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Polishing lab created diamond


#1

Hi! Does anyone know what to use to polish diamond or diamond like
substance (carbon material)? In the process of faceting some material
that is possibly corrundum with carbon in it that it tests out as
diamondon a diamond tester. It is something that was lab created in
the 40’s or the time of WWII.

Thanks!
Anne


#2

Anne:

If it were created before WWII, it would almost certainly be
synthetic sapphire; other diamond simulants like YAG or GGG, were
invented for the laser optics industry in the 1960s.

You would polish sapphire with diamond grit. In fact you can polish
anything other than quartz with diamond grit, including diamond. I
recommend 50,000 grit for final polish, but you will need coarser
grit to remove scratches. The choice of prepolish grit would depend
on what prepolish lap you are using, as some laps embed the diamond
a little deeper than others.


#3

Interesting that it tests as diamond, what tester are you using? The
simple diamond testers work by the principle that diamond is a great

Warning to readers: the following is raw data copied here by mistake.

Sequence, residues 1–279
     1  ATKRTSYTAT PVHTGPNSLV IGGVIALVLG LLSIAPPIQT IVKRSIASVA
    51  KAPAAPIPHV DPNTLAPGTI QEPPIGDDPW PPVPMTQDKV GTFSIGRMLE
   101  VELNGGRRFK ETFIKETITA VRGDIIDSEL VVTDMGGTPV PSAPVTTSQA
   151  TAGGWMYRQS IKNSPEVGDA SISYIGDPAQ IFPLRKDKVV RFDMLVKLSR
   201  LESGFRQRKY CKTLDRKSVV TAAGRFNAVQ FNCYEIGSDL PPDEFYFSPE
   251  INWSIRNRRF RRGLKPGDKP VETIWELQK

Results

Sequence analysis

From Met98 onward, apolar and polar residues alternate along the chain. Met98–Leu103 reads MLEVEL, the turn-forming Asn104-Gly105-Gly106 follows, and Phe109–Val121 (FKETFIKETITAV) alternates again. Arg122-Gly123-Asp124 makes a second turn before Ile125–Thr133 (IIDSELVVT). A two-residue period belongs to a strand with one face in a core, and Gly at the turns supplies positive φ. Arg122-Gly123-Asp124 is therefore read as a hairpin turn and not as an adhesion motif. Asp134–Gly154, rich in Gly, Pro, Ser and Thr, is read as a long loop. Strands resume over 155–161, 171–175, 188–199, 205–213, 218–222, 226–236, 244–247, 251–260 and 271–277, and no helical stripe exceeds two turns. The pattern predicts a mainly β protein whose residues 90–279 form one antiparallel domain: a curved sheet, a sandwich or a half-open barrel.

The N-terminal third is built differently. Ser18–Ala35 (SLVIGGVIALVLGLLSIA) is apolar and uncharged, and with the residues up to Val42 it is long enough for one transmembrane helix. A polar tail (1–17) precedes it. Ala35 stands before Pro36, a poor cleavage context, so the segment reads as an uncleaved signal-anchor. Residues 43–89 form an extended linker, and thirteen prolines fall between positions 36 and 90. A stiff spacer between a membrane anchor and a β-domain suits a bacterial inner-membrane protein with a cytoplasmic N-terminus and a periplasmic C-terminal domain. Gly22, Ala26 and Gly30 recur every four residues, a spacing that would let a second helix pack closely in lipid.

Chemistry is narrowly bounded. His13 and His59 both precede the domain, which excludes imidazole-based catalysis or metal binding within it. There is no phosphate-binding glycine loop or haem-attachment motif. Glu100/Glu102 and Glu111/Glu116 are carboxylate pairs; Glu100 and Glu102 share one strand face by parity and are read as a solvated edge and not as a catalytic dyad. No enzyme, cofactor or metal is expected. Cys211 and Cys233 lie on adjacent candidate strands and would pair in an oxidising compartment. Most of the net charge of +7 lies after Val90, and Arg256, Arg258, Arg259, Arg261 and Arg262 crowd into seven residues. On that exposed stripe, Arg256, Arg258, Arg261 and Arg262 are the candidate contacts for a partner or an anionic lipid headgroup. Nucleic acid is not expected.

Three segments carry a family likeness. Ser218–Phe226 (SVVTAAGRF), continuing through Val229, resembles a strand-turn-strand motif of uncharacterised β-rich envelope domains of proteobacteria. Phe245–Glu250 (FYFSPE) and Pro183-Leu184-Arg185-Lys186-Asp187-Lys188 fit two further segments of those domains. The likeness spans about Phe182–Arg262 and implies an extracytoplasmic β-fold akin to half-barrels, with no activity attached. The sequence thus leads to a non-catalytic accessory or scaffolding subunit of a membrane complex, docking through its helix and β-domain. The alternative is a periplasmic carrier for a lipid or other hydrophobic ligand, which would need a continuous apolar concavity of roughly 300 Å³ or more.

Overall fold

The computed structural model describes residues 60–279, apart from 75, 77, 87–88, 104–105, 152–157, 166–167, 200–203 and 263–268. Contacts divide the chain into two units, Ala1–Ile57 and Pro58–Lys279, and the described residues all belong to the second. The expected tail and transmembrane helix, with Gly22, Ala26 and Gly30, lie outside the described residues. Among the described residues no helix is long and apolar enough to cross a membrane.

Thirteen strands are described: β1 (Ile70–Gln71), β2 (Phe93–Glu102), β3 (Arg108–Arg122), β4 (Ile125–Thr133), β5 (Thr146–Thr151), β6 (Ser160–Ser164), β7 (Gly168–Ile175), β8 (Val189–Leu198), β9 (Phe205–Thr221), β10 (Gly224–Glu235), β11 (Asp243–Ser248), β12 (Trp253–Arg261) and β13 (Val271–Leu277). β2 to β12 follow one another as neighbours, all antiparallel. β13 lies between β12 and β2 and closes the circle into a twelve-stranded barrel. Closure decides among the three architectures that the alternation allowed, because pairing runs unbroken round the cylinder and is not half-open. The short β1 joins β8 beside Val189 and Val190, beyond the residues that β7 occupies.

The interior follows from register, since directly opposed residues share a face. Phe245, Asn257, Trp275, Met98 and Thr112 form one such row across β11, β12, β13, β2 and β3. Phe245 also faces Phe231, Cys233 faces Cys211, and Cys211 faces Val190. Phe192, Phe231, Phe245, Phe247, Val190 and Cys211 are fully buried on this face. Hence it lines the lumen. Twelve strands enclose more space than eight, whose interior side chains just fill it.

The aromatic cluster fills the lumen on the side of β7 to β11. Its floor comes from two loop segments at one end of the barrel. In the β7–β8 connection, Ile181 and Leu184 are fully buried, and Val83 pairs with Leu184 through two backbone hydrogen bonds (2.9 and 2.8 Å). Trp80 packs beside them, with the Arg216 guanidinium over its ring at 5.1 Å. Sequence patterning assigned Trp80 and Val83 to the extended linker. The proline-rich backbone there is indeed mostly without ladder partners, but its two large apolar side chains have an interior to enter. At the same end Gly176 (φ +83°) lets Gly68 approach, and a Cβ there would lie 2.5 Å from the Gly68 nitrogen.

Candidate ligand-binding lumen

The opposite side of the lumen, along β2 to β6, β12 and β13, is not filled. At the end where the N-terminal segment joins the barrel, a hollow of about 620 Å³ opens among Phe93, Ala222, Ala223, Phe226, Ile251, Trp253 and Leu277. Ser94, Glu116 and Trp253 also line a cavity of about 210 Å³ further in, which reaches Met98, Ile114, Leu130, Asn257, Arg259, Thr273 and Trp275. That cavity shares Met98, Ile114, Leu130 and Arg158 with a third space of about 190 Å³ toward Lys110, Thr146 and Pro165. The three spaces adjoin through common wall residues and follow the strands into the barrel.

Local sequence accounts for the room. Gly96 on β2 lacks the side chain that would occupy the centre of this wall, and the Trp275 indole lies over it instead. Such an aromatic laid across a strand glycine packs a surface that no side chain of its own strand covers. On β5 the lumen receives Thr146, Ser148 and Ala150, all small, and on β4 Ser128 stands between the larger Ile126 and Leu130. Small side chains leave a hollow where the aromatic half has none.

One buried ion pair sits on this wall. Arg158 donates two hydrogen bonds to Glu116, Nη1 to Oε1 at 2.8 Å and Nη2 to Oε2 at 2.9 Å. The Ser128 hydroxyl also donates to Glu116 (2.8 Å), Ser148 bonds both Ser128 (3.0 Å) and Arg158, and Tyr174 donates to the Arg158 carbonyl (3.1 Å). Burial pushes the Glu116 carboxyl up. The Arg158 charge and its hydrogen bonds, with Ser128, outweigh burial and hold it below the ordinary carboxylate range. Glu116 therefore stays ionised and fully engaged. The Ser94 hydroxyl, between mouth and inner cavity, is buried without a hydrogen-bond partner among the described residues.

thermal conductor and the simulants arent (except SiC). CZ is about
the worst conductor of heat there is. Corundum (Al2O3) will not
combine with carbon so that is not likely to be the reason. An
evaporated metal coating on the surface would do it. If the stone is
over 30 years old it is likely to be YAG or GGG, if over 40 years
old is more likely to be a synthetic spinel like magalox.

However, none of this will change how you need to repolish it and
that is using fine diamond paste on a suitable lap. Most people use a
metal lap to carry the diamond paste, I use a phenolic but have used
pyrophillite or copper with equal success on hard stones.

Nick Royall